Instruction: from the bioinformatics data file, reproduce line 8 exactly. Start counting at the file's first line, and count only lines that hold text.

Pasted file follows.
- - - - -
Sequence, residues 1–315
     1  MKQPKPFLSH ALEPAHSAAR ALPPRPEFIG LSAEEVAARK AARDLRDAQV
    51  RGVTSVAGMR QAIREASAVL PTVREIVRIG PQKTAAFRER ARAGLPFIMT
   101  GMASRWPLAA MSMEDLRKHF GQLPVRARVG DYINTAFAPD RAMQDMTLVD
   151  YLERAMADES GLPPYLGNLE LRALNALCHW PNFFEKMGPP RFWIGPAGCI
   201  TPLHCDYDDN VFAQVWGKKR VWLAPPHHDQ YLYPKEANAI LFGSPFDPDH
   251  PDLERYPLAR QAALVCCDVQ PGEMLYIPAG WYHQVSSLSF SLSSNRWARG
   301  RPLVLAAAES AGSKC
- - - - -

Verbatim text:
   301  RPLVLAAAES AGSKC